Question: “I work with a fifth grader and it’s very difficult to get him to do more than one or two math problems during our sessions. He stalls and goofs off and drags his feet so much so that I feel like I am doing the work for him. I’ve tried to motivate him to be more proactive but he doesn’t seem to care about his grades.”
Working with upper grade students can be difficult, especially when it comes to motivating them to work outside of school. One thing that I have found helpful when working with unmotivated students is to give them an academic survey to find out what is truly preventing them from wanting to do work, or as you explained, caring about grades. (See: Sample Math Survey)
The survey should be short in length and include very general statements that your student can answer with “Agree”, “Disagree”, or “I don’t know”. Some examples of statements to include on the survey may be: Math is Boring. I like to do math in my head. I have always disliked math. The great thing about student surveys is that most of the time, students are very honest. Also, surveys provide good information that could help you to prepare more engaging math activities based on the student’s interest. Finally, surveys allow you and your student to have a very honest discussion about math and attitudes toward the subject. In my experience as a classroom teacher and tutor, talking to students about learning can reveal weaknesses and strengths that will ultimately help you when planning work and in forming a closer bond with your student.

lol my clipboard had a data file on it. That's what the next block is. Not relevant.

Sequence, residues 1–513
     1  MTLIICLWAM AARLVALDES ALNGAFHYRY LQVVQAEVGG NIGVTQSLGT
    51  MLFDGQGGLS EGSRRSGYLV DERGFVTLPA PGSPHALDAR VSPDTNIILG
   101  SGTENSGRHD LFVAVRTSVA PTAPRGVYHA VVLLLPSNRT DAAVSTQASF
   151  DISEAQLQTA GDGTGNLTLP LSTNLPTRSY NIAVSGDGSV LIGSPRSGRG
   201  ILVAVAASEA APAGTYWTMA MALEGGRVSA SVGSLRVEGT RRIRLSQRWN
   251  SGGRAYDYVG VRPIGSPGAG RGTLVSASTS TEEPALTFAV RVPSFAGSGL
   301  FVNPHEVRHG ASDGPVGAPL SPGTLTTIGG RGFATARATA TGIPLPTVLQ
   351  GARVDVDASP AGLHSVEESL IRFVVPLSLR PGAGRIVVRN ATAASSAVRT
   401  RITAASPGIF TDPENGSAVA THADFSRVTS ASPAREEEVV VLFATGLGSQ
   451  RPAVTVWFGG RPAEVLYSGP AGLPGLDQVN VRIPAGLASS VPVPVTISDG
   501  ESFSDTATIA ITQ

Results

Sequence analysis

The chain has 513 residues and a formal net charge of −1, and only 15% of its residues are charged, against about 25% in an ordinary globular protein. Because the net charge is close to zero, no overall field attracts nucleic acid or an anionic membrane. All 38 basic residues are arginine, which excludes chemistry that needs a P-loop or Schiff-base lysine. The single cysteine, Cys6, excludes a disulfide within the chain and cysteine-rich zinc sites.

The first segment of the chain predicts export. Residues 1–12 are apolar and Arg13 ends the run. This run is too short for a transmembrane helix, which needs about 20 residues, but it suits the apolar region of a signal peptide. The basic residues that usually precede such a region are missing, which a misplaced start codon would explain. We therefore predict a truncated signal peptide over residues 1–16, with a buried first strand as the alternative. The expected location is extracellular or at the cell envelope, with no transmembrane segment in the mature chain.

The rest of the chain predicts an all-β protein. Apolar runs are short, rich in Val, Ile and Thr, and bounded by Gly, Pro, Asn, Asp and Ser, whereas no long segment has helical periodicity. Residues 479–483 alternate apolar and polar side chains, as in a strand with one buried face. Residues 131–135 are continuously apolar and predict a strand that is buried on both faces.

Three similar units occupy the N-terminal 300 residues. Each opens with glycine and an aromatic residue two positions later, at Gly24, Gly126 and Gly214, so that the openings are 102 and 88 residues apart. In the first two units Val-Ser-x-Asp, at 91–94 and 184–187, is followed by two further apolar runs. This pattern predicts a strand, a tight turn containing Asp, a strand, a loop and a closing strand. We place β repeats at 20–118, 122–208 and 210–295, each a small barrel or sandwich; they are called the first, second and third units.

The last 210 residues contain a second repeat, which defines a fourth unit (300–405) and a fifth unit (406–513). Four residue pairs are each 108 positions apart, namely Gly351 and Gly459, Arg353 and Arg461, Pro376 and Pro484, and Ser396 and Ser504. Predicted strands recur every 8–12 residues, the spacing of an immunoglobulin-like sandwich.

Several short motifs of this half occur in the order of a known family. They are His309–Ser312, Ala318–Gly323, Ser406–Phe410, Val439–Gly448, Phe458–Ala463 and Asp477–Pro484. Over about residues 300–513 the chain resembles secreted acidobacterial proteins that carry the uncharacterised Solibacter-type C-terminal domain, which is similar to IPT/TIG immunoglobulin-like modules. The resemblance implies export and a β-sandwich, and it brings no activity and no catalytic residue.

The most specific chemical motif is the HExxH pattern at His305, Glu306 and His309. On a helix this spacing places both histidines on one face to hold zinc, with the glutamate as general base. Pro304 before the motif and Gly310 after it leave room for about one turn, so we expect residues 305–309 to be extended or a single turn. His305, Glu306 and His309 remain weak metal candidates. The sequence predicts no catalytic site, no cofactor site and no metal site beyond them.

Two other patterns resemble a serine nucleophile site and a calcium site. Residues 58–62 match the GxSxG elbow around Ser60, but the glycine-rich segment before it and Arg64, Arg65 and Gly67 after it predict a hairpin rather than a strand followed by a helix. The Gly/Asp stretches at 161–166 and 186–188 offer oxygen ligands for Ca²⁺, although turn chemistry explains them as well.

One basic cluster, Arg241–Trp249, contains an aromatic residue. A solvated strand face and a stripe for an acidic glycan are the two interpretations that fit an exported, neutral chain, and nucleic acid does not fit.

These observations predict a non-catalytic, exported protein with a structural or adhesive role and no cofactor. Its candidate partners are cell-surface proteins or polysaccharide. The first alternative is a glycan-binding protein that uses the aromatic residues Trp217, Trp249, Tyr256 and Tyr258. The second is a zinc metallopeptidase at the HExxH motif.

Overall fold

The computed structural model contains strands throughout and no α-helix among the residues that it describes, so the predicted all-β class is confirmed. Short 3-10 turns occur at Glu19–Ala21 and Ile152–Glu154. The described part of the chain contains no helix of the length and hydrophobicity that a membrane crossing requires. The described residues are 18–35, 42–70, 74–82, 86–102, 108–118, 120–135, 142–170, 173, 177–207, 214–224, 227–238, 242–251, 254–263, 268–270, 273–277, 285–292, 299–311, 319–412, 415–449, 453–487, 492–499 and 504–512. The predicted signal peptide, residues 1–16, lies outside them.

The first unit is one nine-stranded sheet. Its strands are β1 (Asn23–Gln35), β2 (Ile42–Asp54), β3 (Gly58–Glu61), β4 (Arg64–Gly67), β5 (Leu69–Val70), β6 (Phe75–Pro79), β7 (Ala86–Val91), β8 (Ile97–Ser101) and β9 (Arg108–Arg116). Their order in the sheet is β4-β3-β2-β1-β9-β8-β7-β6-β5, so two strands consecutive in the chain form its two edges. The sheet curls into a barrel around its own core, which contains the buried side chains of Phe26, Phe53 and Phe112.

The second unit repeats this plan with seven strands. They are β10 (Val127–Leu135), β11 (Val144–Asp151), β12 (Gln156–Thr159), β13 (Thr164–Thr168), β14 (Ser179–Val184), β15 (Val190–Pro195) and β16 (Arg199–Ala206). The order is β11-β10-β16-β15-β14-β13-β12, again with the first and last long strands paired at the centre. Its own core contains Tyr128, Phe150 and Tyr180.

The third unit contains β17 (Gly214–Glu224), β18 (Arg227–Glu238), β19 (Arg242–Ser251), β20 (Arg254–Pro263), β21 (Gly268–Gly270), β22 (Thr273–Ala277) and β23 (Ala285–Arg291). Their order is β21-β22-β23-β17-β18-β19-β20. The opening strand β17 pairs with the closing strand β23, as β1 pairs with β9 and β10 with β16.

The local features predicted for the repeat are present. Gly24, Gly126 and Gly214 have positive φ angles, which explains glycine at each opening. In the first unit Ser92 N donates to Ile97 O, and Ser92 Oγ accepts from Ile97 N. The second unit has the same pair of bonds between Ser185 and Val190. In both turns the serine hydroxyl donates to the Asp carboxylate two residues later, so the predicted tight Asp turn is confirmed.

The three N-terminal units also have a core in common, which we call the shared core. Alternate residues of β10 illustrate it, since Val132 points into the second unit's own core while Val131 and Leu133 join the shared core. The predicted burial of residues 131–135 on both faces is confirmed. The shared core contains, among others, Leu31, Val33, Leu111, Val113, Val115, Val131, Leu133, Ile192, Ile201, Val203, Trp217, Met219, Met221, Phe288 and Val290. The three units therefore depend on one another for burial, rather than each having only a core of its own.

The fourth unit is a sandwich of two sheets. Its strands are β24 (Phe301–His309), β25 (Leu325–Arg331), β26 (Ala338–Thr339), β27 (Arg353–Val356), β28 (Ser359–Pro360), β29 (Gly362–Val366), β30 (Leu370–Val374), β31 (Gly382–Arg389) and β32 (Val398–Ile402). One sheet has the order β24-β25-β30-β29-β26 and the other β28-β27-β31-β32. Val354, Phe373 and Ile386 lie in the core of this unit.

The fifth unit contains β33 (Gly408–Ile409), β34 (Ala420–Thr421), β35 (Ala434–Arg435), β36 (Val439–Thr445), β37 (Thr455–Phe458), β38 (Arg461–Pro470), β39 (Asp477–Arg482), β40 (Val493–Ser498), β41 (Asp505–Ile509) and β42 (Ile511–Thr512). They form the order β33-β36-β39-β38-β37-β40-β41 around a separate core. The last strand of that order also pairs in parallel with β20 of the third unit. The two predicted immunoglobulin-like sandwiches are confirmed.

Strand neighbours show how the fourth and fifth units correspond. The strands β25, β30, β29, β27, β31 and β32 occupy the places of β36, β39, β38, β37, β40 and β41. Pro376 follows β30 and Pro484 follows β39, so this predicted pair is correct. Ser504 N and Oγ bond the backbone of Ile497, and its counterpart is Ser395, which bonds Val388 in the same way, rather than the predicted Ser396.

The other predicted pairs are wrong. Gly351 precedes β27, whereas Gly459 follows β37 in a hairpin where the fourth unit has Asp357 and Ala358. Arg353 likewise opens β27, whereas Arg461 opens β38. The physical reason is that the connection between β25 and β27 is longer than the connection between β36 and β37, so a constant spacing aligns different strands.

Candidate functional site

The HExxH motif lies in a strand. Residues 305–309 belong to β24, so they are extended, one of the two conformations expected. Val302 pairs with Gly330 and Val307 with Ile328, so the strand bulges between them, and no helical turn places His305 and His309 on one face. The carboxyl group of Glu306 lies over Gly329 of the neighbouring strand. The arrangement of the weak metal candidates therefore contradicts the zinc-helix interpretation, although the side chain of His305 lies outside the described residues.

One other option is to limit the amount of work you present during a tutoring session. Since you know your student only has the stamina to do 1 or 2 problems, why not limit the session to 1 or 2 math problems, but challenging ones! There are lot of online resources where teachers have made word problems (sometimes called “math story problems”) based on pop culture or certain interests that require a specific math skill to solve. In my classroom, I have also made word problems about specific students in the class. That personalization often increases the level of interest, especially in math.
Ultimately, once a child sees that you are taking an active interest in his/her learning, that child will usually be willing to do any kind of work you present…even math problems! It just takes time to develop the stamina and focus to study. Good luck!
About the tutor: Jackie Romo has been a School in Wheels tutor for nearly 9 years. Aside from tutoring, she teaches first grade in Rowland Heights and recently earned a MS in reading. She is happy to help in any way she can to make your tutoring sessions successful!
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